As anyone who has looked at the plethora of web metrics data available knows, even for a moderately active website, segmentation is the key to gaining insight. It allows you to group similar visitors e.g. customers, subscribers, contributors, engagers etc. together for comparison. Therefore instead of viewing metrics that are average of averages, the numbers actually mean something.

For example, quoting the Average Order Value for all customers is pretty meaningless. Knowing that the Average Order Value for visitors that have downloaded your PDF catalogue is twice that as people who haven’t, is a KPI that values your digital collateral. It allows you to make informed decisions about its prominence, content, update frequency, cross-sell and up-sell opportunities.

[ After defining and configuring goals, I view segmentation as your next most important step for your best practice web analytics setup. ]

Segmentation is important you – no, critical. So what options are available?

Within Google Analytics, there are 3 ways to segment your visitors:

  1. As you drill down through your reports (clicking on data links)
  2. Using profile filters to provide a dedicated profile
  3. Using Advanced Segments

Drilling down into your data is intuitive and self-explanatory and happens as you navigate through your reports. However, what can cause confusion are the segment options available to you using options 2 and 3 – Profile Filters or Advanced Segments.

Profile Filters and Advanced Segments are complementary features. Often I use both, first discovering segments within reports using the Advanced Segments menu. This is a quick and efficient method, because I segment the data immediately and can look back at historical data using the same segment. Then if required, I use Profile Filters to create dedicated report sets just for that segment.

I consider profile filters a longer-term segmentation technique—a permanent way of segmenting visitors. Though profile filters can be changed or removed at any time, the main difference is that once data is segmented out for example, removing the filter does not restore historical un-filtered data—the removed segment is permanently lost.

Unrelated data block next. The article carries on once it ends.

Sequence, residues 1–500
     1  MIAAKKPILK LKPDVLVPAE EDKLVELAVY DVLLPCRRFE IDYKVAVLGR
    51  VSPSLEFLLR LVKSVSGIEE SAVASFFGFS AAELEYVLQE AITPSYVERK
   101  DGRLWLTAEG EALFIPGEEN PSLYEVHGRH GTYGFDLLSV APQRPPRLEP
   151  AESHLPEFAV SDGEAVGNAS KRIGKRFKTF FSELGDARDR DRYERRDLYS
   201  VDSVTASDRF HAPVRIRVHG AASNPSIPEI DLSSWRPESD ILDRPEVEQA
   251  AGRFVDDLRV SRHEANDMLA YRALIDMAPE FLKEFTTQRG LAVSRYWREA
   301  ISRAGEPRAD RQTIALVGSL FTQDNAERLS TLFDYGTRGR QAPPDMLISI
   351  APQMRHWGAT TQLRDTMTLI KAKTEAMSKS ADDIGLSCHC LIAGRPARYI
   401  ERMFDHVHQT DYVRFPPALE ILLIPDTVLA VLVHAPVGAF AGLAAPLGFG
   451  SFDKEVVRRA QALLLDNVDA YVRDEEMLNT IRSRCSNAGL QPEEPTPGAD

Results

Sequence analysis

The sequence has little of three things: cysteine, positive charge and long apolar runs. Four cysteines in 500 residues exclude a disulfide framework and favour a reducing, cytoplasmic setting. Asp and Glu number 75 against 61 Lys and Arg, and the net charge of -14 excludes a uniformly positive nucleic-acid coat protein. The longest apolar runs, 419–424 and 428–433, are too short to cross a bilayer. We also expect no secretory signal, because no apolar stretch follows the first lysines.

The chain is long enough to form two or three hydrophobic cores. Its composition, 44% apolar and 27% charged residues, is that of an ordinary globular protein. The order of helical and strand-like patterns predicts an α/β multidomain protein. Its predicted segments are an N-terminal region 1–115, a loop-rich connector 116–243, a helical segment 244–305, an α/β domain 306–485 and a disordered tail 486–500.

Advanced segments on the other hand, allow you to apply and remove segments without removing data. The table below compares the usage of each and suggests when one method may be more appropriate than the other.

Table: Comparing Advanced Segments versus Profile Filter uses

Advanced Segments

Profile Filters

Modify a report view at the visit level.

Modify incoming data at the pageview level to create separate profiles (reports).

Applied to current and historical data.

Applied only to new data from the time the filter is created.

Instantaneous results—once they’re created, you can view segmented data in your reports immediately.

Aimed at longer-term usage where once set, the segment is unlikely to change.

Allow the use of conditional values on metrics, for example, greater than, less than.

Only text string matches can be included—no numerical conditionals are available.

Set up by report users, making them safe—no data can be lost.

Set up by administrators, because data can be permanently deleted.

Test facility available.

Take 3–4 hours for data to populate reports.

Combine statements to meet multiple conditions.

Use cascading filters for combination effect.

Set on a per-user basis—segments can be shared with other report users, but cannot be used to hide data.

Set on a per-profile basis, therefore access to segmented data can be controlled separately form other data.

Regular expression statements are not limited, though the total combined for a segment with multiple statements must not exceed 30,000 characters.

Regular expression statement limited to 255 characters.

Summary for Choosing Advanced Segments versus Profile Filters

Use profile filters to remove “noise” segments from your reports, such as your own staff visitors or your agency, which can be excluded from your target audience. Apply profile filters when the segment defined is a long-term one and unlikely to change—for example, your country offices wish to analyse only visits from within their region, or your support department wishes to focus only on help desk visitors. Use profile filters when you wish to control the level of access, such as providing paid search data to an external agency.

Conversely, use advanced segments when you are drilling down to understand visitor behaviour, for example, comparing the performance of a particular marketing campaign against another, viewing mobile visitors versus desktop visitors, social network versus search engine visitors, or determining whether customers browse differently from non-customers. Apply advanced segments when you need to use conditional operators, such as visitors who spend more than 30 seconds on site or visitors who spend more than $100 per transaction.

As always, your feedback and comments are much appreciated.